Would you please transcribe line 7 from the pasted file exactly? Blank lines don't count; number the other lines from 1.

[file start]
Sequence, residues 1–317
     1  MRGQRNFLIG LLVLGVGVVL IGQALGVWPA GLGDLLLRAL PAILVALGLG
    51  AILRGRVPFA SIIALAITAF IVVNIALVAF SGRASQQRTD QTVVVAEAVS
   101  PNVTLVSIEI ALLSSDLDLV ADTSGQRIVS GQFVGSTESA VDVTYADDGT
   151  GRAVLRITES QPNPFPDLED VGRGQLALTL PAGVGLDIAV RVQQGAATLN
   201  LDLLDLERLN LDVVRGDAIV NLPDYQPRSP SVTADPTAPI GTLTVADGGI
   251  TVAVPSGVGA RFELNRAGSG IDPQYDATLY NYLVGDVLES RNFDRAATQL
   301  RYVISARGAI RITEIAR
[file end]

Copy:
   251  TVAVPSGVGA RFELNRAGSG IDPQYDATLY NYLVGDVLES RNFDRAATQL